Filmmakers Award for best secondary school drama for Psycho Nerd when he was at school. So
here was a young director with some real talent and lots of potential with a good script
and some exciting original music. We had the foundations for getting this project up.
I put a call through to an old friend Michel Bouskila in Sydney and he liked the script
as much as I did. He flew up and we met with Stuart on the Gold Coast and we agreed to
produce it. We believed we had a strong package for a low budget film and we were
fortunate in being able to put together the finance in a fairly short period of time from
private investors in Brisbane in Sydney.
We had all agreed from the outset that the script needed further development so Stuart
undertook a major re-write working with me and with Tom Betts as his script consultant .
I kid you not, everyone who read the final version of Stuart's script were as
enthusiastic as Michel and I had been. From the moment we started exposing it to potential
cast, crew, sponsors, investors etc. Everyone seemed to want to be involved. People
started calling us - the thing had a real buzz about it.
The project had all of the budgetary restrictions that go along with being a low budget
film but it was also an ambitious project with some very big scenes that made it a very
Whilst Stuart had been very clever in the way that he constructed the script and we
were convinced it was logistically possible on our budget, we had to do some very careful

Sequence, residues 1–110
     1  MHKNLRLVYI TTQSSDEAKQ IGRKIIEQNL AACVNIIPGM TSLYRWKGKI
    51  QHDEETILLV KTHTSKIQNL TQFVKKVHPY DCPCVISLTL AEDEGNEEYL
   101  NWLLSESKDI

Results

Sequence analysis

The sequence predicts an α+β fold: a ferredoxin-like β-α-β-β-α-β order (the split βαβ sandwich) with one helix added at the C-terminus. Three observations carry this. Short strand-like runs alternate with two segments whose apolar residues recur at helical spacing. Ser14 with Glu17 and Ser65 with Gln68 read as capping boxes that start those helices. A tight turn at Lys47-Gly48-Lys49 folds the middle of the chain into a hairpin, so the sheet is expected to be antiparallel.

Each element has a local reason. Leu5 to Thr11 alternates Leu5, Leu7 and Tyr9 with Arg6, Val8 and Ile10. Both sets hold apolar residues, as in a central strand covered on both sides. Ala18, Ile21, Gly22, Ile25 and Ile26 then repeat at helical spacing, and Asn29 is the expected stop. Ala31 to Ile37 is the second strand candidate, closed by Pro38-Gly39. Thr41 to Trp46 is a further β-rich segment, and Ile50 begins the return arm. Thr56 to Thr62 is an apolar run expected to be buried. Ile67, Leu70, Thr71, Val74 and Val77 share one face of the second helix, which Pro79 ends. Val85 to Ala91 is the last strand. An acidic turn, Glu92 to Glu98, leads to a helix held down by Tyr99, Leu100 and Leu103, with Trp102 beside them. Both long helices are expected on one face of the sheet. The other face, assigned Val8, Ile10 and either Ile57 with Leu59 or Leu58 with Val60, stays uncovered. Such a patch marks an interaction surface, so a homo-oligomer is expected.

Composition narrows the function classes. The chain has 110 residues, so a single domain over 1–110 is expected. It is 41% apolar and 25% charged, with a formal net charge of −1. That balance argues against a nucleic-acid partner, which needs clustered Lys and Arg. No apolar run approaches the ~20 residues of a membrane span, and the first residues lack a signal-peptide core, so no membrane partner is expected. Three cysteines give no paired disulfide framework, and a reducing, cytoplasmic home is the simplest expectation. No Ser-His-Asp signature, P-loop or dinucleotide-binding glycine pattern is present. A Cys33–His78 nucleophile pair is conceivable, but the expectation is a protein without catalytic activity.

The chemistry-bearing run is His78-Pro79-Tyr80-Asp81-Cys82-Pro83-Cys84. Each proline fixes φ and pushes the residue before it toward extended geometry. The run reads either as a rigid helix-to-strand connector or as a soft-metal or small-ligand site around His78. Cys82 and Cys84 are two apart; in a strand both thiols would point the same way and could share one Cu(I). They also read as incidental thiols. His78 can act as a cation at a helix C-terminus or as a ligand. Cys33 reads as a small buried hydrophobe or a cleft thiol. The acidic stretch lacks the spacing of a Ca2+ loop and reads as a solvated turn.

and very innovative planning about how we tackled some of the more difficult aspects and
when you have a limited budget you don't have any choice but to think creatively and out
So by the Xmas 1999 break we had the film crewed and all cast members were now in place
and we were set to roll and the project now had critical mass.
We had to be shooting in January/February - we had little choice - there was a window of
opportunity to shoot a very big concert scene that was critically important to the plot
within that time frame that we had to take because the next opportunity at that location
was simply not available again for three months unless we threw a lot more money at it,
just didn't have in the budget.
Then out-of-the-blue just prior to the start of filming we had a major problem which
almost stopped the shoot and had forced us to re-schedule by a few weeks. At that time I
knew that we were in real danger of losing the considerable momentum that the project was
building and also losing some of our key cast and crew due to other commitments if there
were any further
postponements I was absolutely determined we were going to make this film within that
timeframe. So we strategised and problem solved.
Our problem was that one of the investors who was putting up 25% of the budget and who had
formally signed the shareholders agreement when we incorporated the company indicated